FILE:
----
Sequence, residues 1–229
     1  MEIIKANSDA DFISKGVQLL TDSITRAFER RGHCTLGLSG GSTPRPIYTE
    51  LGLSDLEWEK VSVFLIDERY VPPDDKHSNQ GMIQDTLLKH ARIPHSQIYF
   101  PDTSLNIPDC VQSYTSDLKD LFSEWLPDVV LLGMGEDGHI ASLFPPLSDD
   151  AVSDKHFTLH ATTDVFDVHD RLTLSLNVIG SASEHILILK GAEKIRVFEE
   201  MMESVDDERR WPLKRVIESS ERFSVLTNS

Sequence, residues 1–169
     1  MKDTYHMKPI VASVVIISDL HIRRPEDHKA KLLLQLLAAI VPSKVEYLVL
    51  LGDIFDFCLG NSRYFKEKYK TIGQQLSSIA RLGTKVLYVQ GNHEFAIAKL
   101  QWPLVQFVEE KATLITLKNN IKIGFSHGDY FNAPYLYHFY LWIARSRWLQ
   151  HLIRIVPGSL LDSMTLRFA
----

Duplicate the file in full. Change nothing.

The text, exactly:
Sequence, residues 1–229
     1  MEIIKANSDA DFISKGVQLL TDSITRAFER RGHCTLGLSG GSTPRPIYTE
    51  LGLSDLEWEK VSVFLIDERY VPPDDKHSNQ GMIQDTLLKH ARIPHSQIYF
   101  PDTSLNIPDC VQSYTSDLKD LFSEWLPDVV LLGMGEDGHI ASLFPPLSDD
   151  AVSDKHFTLH ATTDVFDVHD RLTLSLNVIG SASEHILILK GAEKIRVFEE
   201  MMESVDDERR WPLKRVIESS ERFSVLTNS

Sequence, residues 1–169
     1  MKDTYHMKPI VASVVIISDL HIRRPEDHKA KLLLQLLAAI VPSKVEYLVL
    51  LGDIFDFCLG NSRYFKEKYK TIGQQLSSIA RLGTKVLYVQ GNHEFAIAKL
   101  QWPLVQFVEE KATLITLKNN IKIGFSHGDY FNAPYLYHFY LWIARSRWLQ
   151  HLIRIVPGSL LDSMTLRFA